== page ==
Tutanota Encrypted Email

I love encrypted email, and I love writing about it.  In researching the next book in the Your Ultimate Security Guide series, Your Ultimate Security Guide: iOS, I decided to give Tutanota a try and I’m glad I did.

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The name “Tutanota” comes from the Latin words “tuta” (secure) and “nota” (message).  Tutanota offers free, end-to-end encrypted email accounts.  No personal information at all is required to create an account, and account creation is allowed through the Tor network.  Tutanota encrypts your message including the subject line, and any attachments and stores all of your emails in an encrypted state.  When you log in with your username and password, an encrypted version of your password is stored on Tutanota’s servers for the duration of your session.  If you lose your password it cannot be reset.  Tutanota also allows you to send encrypted emails to non-Tutanota users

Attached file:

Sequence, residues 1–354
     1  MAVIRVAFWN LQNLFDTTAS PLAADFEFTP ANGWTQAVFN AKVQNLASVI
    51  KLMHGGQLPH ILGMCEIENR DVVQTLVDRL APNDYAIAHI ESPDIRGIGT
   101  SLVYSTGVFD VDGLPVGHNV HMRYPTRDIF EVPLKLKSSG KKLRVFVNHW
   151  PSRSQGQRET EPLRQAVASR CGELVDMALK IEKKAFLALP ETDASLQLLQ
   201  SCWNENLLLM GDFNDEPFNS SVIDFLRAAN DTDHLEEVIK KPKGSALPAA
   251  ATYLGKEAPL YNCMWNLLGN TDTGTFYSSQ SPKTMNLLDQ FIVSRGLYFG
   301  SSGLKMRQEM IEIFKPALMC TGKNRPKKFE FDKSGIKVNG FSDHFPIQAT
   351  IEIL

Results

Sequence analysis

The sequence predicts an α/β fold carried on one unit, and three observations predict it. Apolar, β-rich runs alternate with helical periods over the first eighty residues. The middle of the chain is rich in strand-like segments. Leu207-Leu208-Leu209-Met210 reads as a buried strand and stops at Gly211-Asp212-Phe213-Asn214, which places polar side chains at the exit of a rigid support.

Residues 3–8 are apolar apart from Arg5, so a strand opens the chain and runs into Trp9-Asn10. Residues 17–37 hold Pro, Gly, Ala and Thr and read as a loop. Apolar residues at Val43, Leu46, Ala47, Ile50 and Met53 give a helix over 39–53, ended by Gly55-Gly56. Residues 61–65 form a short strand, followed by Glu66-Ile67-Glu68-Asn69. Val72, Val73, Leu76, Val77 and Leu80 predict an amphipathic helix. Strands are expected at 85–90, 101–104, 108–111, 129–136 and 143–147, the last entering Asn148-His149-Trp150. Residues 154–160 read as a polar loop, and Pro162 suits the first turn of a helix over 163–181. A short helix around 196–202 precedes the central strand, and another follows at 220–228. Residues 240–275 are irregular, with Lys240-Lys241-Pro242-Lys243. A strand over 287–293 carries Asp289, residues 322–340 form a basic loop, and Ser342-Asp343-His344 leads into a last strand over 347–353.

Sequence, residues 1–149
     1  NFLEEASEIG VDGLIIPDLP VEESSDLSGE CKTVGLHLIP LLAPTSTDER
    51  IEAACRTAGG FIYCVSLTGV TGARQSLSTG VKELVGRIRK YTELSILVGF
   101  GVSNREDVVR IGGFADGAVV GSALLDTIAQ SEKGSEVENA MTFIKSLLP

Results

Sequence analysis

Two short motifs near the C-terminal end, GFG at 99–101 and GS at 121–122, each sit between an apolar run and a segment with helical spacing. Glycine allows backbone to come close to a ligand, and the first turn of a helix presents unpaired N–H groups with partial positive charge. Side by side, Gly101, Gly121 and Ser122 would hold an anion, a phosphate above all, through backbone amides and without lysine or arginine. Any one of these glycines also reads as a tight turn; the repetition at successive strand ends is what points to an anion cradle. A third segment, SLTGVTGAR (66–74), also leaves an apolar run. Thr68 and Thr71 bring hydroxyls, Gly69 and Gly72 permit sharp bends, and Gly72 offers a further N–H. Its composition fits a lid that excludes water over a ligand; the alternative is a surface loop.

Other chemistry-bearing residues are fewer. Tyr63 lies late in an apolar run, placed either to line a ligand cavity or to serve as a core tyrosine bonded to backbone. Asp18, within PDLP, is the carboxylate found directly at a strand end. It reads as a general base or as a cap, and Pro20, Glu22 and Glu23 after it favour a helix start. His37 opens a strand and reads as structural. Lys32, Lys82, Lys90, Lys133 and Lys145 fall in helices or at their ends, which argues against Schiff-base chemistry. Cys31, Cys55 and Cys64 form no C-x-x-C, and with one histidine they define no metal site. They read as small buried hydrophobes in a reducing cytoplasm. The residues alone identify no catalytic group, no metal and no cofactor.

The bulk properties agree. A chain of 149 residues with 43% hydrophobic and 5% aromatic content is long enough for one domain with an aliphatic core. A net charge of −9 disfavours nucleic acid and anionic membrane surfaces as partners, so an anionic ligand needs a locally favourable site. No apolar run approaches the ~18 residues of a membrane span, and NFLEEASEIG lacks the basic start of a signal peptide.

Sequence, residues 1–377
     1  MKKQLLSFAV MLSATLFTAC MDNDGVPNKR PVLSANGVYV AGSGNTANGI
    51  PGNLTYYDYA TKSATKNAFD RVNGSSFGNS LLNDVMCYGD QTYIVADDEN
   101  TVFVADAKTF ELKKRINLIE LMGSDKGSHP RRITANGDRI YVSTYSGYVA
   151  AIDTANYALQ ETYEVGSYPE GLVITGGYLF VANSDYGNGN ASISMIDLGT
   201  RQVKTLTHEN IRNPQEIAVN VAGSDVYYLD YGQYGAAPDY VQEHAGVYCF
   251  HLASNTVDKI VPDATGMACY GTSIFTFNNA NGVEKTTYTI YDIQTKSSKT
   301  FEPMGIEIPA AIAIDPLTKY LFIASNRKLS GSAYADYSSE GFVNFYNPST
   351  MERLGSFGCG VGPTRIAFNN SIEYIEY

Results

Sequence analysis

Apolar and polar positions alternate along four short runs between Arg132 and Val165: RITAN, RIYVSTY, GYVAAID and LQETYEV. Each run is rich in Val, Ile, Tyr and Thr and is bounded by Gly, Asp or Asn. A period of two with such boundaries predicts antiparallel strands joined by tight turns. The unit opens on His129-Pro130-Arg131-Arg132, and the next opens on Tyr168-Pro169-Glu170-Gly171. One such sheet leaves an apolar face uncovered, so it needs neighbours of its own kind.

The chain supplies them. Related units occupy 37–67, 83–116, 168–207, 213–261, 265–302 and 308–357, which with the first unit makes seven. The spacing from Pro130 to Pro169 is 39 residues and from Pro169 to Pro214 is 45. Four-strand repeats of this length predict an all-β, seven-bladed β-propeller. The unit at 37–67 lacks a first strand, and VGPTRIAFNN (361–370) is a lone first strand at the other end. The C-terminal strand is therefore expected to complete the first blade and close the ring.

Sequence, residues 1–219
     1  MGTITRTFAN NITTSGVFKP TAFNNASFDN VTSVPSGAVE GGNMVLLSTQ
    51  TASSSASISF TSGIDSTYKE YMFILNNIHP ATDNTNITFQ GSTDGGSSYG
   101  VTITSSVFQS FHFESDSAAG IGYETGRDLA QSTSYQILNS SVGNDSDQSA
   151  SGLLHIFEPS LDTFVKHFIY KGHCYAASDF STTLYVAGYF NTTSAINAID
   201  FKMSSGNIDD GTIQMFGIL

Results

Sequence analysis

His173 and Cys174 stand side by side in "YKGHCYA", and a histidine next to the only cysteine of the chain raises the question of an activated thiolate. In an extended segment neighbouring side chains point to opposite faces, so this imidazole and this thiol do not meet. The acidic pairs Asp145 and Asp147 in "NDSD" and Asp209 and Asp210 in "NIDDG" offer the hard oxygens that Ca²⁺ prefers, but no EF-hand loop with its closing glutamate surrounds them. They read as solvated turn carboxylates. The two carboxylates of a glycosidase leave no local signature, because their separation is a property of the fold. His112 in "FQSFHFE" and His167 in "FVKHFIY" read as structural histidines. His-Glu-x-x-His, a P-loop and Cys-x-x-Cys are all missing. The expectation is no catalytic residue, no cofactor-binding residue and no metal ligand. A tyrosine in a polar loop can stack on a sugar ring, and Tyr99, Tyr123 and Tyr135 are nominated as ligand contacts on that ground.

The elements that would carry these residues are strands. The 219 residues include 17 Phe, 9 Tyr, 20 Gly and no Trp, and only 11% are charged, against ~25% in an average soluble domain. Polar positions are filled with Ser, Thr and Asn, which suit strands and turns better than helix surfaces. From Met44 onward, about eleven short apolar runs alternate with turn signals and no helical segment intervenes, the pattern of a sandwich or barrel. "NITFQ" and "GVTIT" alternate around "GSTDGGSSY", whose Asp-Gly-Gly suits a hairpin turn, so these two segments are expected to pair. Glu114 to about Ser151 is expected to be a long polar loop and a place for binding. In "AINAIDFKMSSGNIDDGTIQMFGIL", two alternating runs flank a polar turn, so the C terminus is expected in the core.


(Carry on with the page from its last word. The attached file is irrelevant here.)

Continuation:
Tutanota is incredibly streamlined and user-friendly and Tutanota apps are available for both iOS and Android, and Tutanota also offers a premium level of service for €1 per month.  Premium accounts offers some expanded functionality including the ability to create and use up to five aliases (alternate email addresses), unlimited outgoing emails (free accounts are capped at 100 per day), and the option to use your own domain.  Both free and paid accounts offer only 1Gb of storage but more (up to 1Tb) will be available for purchase soon.

Unfortunately Tutanota lacks several features that most of us have come to expect in an email service.  First, it does not allow you to save drafts (and as a result does not have a “Drafts” folder).  It also lacks a search function and the ability to assign labels (an important feature for email power-users).  Because of this I see it being used only for exchanging encrypted emails and not a day-to-day, Gmail-replacement system.

Though I am a fan of Protonmail and have been using it much longer, I do like the look and feel of Tutanota and will work it into my daily email routine.

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